5.14 Transpile

Overview

Once the graph of dependencies has been constructed, and all the required modules have been fetched and parsed, it's possible that these modules contain a combination of JavaScript (JS) and TypeScript (TS) code. However, since the V8 engine, which Deno uses, can only process JavaScript code, the next step is to handle the modules appropriately. This involves processing the dependency graph and transforming any TypeScript code into JavaScript. This phase is known as "checking" or "transpilation."
It's worth noting that the Deno runtime's primary concern is quick startup, which is why the deno run command is designed to focus on transpilation. In other words, when you use deno run, the modules will be transpiled into JavaScript to ensure a faster execution. On the other hand, if you specifically want to perform type checking for explicit type information verification, you should utilize the deno check command. This command ensures that the TypeScript code is checked for correctness in terms of types and other related aspects.
In the upcoming sections, we will explore both of these processes—transpilation and type checking. The choice between "check" and "transpile" depends on the sub-command you use:
  • When using deno run, the SWC compiler will be employed to perform transpilation.
  • When utilizing deno check, the TSC (TypeScript Compiler) will be used to perform a thorough type check on the codebase.
By understanding these two distinct approaches, you'll be well-equipped to handle the necessary steps to ensure your Deno applications are both efficiently executed and free from type-related issues.

Functionality

In previous iterations of Deno, type checking used to be integrated into the 'deno run' command. However, in more recent versions, this feature has been completely phased out from the 'deno run' command. When you execute a program now, there is no mandatory requirement for type checking during the startup phase. This is particularly true if your code editor has inherent type-checking capabilities; in such instances, it's likely that your code has been composed accurately in terms of types.
In scenarios where the editor provides robust type-checking, the initial type-checking step can be omitted. The primary motivation behind this omission is to enhance the startup speed of Deno. This optimization is aimed at facilitating quicker execution of your programs. It's worth noting that the SWC compiler, which is leveraged by Deno, boasts an approximate eightfold improvement in speed when compared to the traditional TypeScript Compiler (TSC).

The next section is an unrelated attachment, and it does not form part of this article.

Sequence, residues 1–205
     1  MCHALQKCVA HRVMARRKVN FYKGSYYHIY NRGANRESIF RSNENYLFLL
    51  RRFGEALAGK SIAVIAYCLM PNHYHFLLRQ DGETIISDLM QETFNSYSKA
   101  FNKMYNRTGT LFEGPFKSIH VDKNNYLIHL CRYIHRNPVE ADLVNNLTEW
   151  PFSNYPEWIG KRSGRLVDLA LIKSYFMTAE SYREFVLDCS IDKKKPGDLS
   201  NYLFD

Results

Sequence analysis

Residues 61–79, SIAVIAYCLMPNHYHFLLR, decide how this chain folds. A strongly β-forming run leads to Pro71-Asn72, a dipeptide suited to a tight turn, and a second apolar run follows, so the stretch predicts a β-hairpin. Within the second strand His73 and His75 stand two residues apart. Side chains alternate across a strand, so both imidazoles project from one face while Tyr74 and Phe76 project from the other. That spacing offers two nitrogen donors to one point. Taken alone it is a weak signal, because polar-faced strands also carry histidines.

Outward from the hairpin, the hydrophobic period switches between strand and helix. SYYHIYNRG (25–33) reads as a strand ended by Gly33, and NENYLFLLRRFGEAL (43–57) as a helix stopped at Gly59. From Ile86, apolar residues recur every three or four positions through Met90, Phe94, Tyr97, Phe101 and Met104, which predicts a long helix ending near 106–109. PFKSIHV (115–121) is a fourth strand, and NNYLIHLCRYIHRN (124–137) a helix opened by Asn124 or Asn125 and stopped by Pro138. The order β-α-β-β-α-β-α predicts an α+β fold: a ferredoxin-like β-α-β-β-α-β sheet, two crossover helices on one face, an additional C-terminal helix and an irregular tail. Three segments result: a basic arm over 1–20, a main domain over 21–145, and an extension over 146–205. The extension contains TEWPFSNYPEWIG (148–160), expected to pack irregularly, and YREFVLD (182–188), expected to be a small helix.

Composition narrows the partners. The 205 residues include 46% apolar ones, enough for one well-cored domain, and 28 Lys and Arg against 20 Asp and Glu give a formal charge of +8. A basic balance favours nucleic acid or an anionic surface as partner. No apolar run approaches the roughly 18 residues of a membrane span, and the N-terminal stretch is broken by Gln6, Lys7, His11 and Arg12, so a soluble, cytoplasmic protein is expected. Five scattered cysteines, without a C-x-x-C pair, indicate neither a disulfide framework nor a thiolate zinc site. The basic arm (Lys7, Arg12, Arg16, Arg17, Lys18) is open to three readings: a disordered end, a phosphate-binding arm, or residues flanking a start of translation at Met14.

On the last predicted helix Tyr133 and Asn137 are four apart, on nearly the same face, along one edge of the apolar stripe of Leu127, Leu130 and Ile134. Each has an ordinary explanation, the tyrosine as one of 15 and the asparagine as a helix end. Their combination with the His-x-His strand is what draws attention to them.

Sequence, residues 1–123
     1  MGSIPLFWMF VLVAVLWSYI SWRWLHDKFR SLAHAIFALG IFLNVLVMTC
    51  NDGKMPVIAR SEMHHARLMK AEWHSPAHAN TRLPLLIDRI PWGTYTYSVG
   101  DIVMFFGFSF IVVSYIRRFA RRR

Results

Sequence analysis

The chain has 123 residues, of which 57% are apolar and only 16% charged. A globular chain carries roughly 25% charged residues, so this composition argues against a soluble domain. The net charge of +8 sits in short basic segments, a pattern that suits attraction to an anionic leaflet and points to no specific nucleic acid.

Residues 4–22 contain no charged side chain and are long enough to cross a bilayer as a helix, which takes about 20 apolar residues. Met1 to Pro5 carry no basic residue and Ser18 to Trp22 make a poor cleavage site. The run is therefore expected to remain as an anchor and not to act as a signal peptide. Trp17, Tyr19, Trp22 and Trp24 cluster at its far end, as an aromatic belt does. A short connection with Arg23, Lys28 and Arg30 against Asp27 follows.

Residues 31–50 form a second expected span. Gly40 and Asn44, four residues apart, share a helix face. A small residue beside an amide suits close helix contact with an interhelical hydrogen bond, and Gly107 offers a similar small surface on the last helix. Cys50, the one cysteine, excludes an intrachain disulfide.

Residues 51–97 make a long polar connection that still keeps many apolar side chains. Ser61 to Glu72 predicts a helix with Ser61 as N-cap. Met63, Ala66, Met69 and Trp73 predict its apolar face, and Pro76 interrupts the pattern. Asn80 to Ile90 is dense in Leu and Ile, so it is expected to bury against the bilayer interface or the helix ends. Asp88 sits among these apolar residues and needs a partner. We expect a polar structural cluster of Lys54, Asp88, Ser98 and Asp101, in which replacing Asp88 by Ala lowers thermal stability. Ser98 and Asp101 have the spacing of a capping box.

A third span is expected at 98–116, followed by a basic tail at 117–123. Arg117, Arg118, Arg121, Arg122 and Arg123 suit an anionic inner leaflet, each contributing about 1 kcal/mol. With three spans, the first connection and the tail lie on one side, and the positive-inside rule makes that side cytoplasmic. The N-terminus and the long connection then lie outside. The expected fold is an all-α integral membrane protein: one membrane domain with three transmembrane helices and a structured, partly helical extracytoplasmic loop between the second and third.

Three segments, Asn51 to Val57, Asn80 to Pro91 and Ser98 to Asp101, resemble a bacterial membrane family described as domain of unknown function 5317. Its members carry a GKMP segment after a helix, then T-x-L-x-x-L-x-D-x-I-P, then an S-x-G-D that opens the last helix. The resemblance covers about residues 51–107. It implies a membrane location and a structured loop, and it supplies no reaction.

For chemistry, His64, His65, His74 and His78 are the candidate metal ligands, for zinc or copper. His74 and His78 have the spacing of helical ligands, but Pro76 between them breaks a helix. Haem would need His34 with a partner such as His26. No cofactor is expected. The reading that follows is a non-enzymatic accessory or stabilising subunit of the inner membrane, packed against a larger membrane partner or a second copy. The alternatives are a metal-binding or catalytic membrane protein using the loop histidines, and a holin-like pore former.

If you find yourself needing to perform type-checking, either because your editor doesn't support it or as an extra layer of protection, you have a couple of options to consider. One option is to make use of Microsoft's TypeScript (TSC) compiler, which is coded in JavaScript. It's worth noting that this compiler tends to run rather slowly in comparison to SWC.
So, when it comes down to it, you have a choice to make based on your preferences. You can opt for the TSC compiler if you need that type-checking, even though it might be slower, or you can go with SWC for potentially faster performance. The decision ultimately rests in your hands as the user.

Transpile

Sure, I'd be happy to help! Here's a rewritten and expanded version of the subsection on Deno, with improved grammar and additional information:
In the process of transpilation in Deno, two significant files are generated as outputs. Let's take the example of a file named "helloLog.ts":
  1. 1.
    helloLog.ts.js: This file holds the code that has been transformed and converted. It takes the TypeScript code from "helloLog.ts" and compiles it into JavaScript. This JavaScript version can be executed directly by the Deno runtime. It's the result of the transpilation process that allows TypeScript code, which is a higher-level language for developers, to be translated into the lower-level JavaScript code that computers understand.
  2. 2.
    helloLog.ts.meta: In this file, you'll find a hash value. This hash serves an essential purpose – it acts as a fingerprint for the "helloLog.ts" file. Think of it as a unique identifier that represents the content and structure of the original TypeScript file. This hash is used by Deno to determine whether any changes have occurred in the "helloLog.ts" file. When you make modifications to the TypeScript code, Deno can compare the new hash with the one stored in the meta file. If the hashes differ, Deno knows that the file has been altered and requires transpilation again.
The journey begins with the initial TypeScript code you write. It might include functions, classes, variables, and other programming constructs. This code, residing in the "helloLog.ts" file, serves as the foundation. Deno's transpilation process takes this TypeScript code and generates the corresponding JavaScript code in the ".js" file. This conversion ensures that your code can be executed seamlessly within the Deno environment.
The "helloLog.ts.meta" file, though seemingly small, plays a crucial role in maintaining the integrity and efficiency of the development process. Its hash value acts as a guardian, helping Deno decide when it's time to perform transpilation. When you alter the TypeScript code, remember that the hash in the meta file will change too, signaling to Deno that a transformation is needed before the updated code can be executed.
The original file is as follows:
// File helloLog.ts
function printNumber(input: number) {
console.log(input);
}
function printString(input: string) {
console.log(input);
}
printNumber("One");
printString("One");
The transpiled JS file is as follows:
// File helloLog.ts
function printNumber(input) {
console.log(input);
}